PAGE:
Screen Shot 2015-09-25 at 9.06.55 AM If you’ve seen any of the Iron Man movies, you know it’s all about the suit. Tony Stark, as played by Robert Downey, Jr., is the epitome of suave wit—but without his metal shell, he’s just another engineer who’s made good. Once he’s sealed himself into his Autonomous Prehensile Propulsion Suit, though, he has everything from self-repair capabilities to plasma-based propulsion, all guided with the assistance of an advanced A.I. As a vehicle, it might not be as big as one of Larry Ellison’s catamarans, but it’s a lot flashier and can blow things up. The exoskeleton is a technology platform that, while young, is gaining traction in industrial, medical and military circles. For several years, the U.S. Special Operations Command has been working on a Tactical Assault Light Operator Suit, or "TALOS," that would provide “provide [infantry with] comprehensive ballistic protection and peerless tactical capability,” in the words of Gen. Joseph Votel, SOCOM’s commander. Meanwhile, several companies—including Raytheon, Ekso Bionics and US Bionics—are working on products that could help the disabled become more mobile, or allow warehouse and other workers to handle physical tasks with greater efficiency and safety. Designing and building such products involves a heavy dose of mechanical engineering. But turning a bulky exoskeleton into something that allows people to move with superior agility and strength involves a fair amount of IT know-how, as well. The key is in developing embedded software systems that allow essentially isolated devices to coordinate their work, while at the same time collecting data that can be used to analyze the machine’s overall performance.

A Chain of Technology

Homayoon Kazerooni, president of Berkeley-based US Bionics and a professor of mechanical engineering at UC Berkeley, divides the technology used in these products into two parts. There’s the control software, the code that allows the machine to do what it’s supposed to do. Then there’s the human-machine interface, which collects data and transmits it to a server to follow and measure what the suit’s operator is doing. Those platforms demand the involvement of backend specialists who can program and maintain the server receiving the telemetry data, as well as data scientists who can analyze it. “In anything you wear, you need embedded control software to run at high speed so it can follow the person’s movements,” Kazerooni explained. “It has to do that without impeding or endangering the user. The stuff going to the server helps determine things like, ‘Was this a good walk?’ and, ‘What was the landscape like?’” Written mostly in C, the controller for US Bionics’ products collects signals from different components and coordinates them to make the whole apparatus work in sync. It’s a very short program, Kazerooni said, which runs at a very high speed to measure aspects such as a limb’s joint angles and pressures being exerted. The human-machine interface, he said, is written mostly in C++. (You can check out an example of the company’s work in the image above.)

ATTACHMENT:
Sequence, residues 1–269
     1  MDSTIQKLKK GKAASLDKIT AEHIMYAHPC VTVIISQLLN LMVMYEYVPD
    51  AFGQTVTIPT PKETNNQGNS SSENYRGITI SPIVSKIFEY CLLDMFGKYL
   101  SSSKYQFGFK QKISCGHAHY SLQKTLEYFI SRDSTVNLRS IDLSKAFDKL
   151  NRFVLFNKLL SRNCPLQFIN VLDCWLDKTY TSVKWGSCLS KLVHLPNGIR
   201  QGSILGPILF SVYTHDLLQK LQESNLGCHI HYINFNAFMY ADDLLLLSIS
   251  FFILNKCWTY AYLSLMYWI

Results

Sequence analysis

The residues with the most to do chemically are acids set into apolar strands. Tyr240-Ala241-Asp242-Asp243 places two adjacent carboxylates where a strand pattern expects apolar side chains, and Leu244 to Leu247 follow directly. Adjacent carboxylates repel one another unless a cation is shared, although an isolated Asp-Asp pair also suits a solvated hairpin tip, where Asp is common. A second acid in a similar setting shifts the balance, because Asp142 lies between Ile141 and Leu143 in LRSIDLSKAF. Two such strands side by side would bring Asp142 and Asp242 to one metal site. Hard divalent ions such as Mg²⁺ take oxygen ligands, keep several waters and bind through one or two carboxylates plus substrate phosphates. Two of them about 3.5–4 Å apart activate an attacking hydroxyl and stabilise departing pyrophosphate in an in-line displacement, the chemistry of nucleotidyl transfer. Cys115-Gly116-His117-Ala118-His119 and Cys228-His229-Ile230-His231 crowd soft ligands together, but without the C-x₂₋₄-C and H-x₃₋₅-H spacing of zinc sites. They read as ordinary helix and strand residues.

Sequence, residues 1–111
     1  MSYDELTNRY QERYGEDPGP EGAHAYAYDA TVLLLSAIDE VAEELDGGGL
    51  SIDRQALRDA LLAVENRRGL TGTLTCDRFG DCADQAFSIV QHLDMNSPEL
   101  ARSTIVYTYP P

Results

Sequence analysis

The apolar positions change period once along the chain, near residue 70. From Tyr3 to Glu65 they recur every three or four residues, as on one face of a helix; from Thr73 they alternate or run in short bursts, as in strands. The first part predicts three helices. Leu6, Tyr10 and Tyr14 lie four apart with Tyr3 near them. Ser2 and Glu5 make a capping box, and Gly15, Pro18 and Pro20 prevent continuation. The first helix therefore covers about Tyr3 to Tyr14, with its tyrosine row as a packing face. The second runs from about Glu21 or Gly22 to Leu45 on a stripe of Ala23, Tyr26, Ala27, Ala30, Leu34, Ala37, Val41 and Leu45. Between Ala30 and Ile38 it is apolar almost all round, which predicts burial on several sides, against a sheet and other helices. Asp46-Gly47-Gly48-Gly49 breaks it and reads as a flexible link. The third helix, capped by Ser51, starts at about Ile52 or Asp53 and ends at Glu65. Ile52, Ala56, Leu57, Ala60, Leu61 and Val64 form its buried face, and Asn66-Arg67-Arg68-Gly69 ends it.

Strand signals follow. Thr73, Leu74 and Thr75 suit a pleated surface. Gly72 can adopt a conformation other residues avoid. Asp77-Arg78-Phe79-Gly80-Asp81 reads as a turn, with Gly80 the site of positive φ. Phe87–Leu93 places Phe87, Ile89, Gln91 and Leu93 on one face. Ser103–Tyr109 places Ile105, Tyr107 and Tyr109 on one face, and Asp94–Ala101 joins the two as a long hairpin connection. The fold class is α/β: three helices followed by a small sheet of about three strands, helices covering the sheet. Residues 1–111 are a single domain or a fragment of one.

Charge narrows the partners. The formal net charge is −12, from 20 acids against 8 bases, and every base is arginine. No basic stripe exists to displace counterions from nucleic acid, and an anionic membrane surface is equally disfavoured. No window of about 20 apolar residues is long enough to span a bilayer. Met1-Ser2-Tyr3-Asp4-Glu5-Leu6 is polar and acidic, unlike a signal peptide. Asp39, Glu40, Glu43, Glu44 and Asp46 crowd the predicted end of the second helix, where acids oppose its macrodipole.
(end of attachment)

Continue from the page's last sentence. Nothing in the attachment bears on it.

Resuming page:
Engineering Experience is Key

According to Kazerooni, control and software engineers are the leads in developing these next-generation products. He looks for candidates with engineering master’s degrees: Mechanical or electronics majors for those who want to work on the controller, computer-science majors for those interested in the human-machine interface. Because the industry is in its infancy, employers understand there aren’t many candidates out there who’ve worked on these kinds of projects. So when it comes to experience, they look for good programming skills, as well as an understanding of A.I. and lower-level machine language. Experience with electro-mechanical devices is also helpful. “This is like programming any machine,” he added. “You need an understanding of the human-engineering dynamic.” Although he can’t estimate the ultimate size of the market for these intelligent exoskeletons, Kazerooni describes the industry as “fast-growing, but infant,” with “very diverse uses” for the suits. “Every person who contributed to this project or tested the device believes that many industrial workers will benefit from our technology,” he said. He believes the machines can “transform” industry “by reducing workplace-injury cost, increasing production efficiency, and improving quality of life for employees.”